Horticulture

Losing the gloss: Cherry crops destroyed, left unattended by farmers

The pandemic, subsequent restrictions imposed on transport, and lack of access to markets, has spelled doom for orchardists in Kashmir. 

Unlike the past, birds like the Bulbul, are enjoying a gala feast of red, glossy, and mouth-watering cherries. There is no scarecrow, and no caretaker chasing them away this year.

Most of the orchards spreading over acres of land in the picturesque cherry-growing belt of Dara Harwan, in the outskirts of Srinagar, have been left unattended. The growers say the lockdown imposed as a response to Covid-19 has hit their sector hard.

Abdul Rashid Mir, an Orchardist and a cherry dealer for the last 25 years, had been buying sizeable loads of the crop from growers in this area. He says he used to hire labourers to harvest and pack the fruit. But the present economic turmoil and closure of sustained transport services have put him in a dilemma whether to harvest the crop or leave it unattended.

As the lockdown and partial communication blockade have left him clueless, he says that fruit-growers are uncertain about the future.

“I used to send 15,000 boxes of fresh cherry outside the state on order, but the present crisis coupled with the closure of markets has resulted in no business this year,” Abdul says.

Having paid advances to growers, with no or fewer trucks on roads to ferry the fruit, Abdul has decided to avoid any further loss like labour and packing costs, and has left the crop intentionally unattended.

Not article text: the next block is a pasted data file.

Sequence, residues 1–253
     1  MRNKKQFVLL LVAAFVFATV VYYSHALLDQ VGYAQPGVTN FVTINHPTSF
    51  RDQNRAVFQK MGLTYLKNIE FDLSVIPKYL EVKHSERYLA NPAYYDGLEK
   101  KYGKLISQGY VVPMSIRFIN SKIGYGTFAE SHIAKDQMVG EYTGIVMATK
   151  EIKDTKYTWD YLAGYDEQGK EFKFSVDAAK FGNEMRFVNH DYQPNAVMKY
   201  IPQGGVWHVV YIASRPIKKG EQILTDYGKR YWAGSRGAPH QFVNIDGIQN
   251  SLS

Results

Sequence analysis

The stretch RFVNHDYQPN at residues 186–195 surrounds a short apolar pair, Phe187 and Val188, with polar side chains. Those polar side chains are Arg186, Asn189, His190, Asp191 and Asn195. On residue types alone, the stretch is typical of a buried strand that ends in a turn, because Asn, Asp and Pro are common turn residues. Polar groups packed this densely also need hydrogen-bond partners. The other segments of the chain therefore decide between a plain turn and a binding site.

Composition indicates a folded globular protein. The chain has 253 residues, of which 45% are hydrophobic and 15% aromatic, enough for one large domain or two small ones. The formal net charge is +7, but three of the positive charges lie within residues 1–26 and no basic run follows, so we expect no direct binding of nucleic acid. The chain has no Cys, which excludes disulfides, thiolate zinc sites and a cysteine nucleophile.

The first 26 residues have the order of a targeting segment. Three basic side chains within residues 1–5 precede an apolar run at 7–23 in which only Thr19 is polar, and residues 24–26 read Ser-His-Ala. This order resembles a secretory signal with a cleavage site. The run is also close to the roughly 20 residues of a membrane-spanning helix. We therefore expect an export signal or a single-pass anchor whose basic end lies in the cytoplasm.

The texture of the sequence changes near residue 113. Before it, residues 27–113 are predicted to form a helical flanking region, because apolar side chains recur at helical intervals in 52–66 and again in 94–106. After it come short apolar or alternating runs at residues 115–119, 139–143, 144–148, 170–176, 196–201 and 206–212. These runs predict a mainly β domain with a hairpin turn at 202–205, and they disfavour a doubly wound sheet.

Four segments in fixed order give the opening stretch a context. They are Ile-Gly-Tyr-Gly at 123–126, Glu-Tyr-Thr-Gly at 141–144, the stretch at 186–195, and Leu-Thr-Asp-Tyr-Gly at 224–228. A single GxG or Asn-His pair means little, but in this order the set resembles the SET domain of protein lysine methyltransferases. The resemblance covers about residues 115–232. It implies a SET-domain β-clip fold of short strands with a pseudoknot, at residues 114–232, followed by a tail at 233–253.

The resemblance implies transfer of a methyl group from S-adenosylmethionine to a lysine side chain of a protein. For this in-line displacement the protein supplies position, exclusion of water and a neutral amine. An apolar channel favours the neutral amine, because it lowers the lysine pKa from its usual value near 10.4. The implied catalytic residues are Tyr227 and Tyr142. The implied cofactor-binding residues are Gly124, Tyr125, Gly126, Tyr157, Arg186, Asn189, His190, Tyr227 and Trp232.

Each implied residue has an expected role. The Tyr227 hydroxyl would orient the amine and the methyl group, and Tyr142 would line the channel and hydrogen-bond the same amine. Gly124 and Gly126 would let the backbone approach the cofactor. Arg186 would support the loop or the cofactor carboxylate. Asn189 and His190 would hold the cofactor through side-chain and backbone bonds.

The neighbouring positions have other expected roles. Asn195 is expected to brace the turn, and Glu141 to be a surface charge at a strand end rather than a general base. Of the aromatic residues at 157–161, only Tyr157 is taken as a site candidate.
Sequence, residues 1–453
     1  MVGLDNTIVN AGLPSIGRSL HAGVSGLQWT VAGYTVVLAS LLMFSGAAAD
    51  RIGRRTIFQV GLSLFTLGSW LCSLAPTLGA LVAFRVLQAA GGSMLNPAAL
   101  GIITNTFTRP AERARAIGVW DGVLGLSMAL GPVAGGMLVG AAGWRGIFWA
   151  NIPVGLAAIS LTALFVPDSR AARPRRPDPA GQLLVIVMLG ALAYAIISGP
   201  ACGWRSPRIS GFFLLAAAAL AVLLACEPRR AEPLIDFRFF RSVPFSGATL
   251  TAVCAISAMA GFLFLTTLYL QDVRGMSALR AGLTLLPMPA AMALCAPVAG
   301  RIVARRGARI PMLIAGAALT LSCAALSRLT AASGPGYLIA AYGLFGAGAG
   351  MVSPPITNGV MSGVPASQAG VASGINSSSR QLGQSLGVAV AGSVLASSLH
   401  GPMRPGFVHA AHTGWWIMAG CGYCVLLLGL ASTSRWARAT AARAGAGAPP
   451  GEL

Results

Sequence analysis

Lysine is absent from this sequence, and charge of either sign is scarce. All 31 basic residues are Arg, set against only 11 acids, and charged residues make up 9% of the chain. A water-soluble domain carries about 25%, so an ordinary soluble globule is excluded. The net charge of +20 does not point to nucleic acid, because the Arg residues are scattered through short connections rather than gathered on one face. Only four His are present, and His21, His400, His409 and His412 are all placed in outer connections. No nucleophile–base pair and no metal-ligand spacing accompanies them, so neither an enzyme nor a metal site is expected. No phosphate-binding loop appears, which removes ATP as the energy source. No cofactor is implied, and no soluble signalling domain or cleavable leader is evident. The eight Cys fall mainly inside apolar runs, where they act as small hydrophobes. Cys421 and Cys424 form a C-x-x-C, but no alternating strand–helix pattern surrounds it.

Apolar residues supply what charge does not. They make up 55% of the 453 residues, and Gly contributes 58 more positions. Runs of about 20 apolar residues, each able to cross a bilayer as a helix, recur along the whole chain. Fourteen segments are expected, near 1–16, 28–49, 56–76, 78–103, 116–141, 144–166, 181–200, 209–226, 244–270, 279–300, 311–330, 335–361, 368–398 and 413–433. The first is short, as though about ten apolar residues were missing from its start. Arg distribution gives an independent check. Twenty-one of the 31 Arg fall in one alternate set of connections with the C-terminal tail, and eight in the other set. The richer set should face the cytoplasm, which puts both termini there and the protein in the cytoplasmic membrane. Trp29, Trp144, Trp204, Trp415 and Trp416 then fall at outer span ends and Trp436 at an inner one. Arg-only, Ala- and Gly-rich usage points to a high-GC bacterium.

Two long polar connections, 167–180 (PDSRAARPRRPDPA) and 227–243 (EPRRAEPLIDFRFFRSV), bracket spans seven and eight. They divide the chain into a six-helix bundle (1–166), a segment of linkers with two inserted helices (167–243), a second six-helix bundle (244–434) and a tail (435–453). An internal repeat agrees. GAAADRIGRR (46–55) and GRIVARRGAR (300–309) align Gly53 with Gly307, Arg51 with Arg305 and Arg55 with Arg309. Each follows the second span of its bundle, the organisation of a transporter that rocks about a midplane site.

The situation is no diifernt in Tangmarg – a belt which grows quality cherries, that are large in size and fetch good rates in the markets.

Like many parts of Shopian and Srinagar, popular for growing Awal Number and Mishri (Quality Grade) Cherries, this area mostly sells its crop locally, in retail, at many makeshift roadside fruit kiosks along the highway, connecting the capital city of Srinagar to the hill resort of Gulmarg.

Unlike other places, most of the customers for Tangmarg cherries are locals and tourists heading to Gulmarg.

However, with no visitors this year, the cherry crop did not avail any substantial economic benefit to the growers. A large portion also went to the dumps.

A cherry box of 1 kg earlier would fetch Rs 180-200, but this year the rate per box is not more than Rs 50, a local fruit grower and the seller says.

“Leave profit aside, I am trying to earn the cost price, to recover the money I spent on fertilizers and pesticides by selling the harvest at very cheap rates,” laments Bashir Ahmad Dar, a farmer selling his fruit at a makeshift kiosk on the road passing besides his orchard.

Kifayat Khan, a regional manager for a Delhi based company Tasty Agro Foods dealing in canned cherries, mushrooms, and tomatoes, voices the same concern.

“My company used to buy 30-40 truckloads of fresh and ripe cherry from Parimpora and other fruit mandis of the valley. But this year the number is at 7 trucks currently. This is only due to the prevailing uncertainty and the restriction measures put in place to tackle the covid-19 pandemic,” Kifayat says.

Lack of adequate local canning and processing facilities in the valley is one of many reasons for the crop wastage and economic loss to cherry growers, Kifayat says.

Despite having good scope for development in the sector, both private and public players have so far lagged behind in tapping the full potential.

Units operating within the valley at Zainakote and Lassipora industrial areas have not proved sufficient to process even a fraction of the cherry crop, for want of capital and availability of low-cost machinery.

In 2017, the valley of Kashmir produced about 11,000 metric tons of cherries, which rose to 12,000 metric tons by 2019, exporting a major portion to the markets in Mumbai, Bangalore, Delhi, and Ahmadabad. This contributed to the economy and helped livelihoods.

However, the season in 2020 arrived with COVID-19. Coupled with poor food processing infrastructure, and lack of direction from the authorities, the orchardists and farmers say they have brought to their knees.

 

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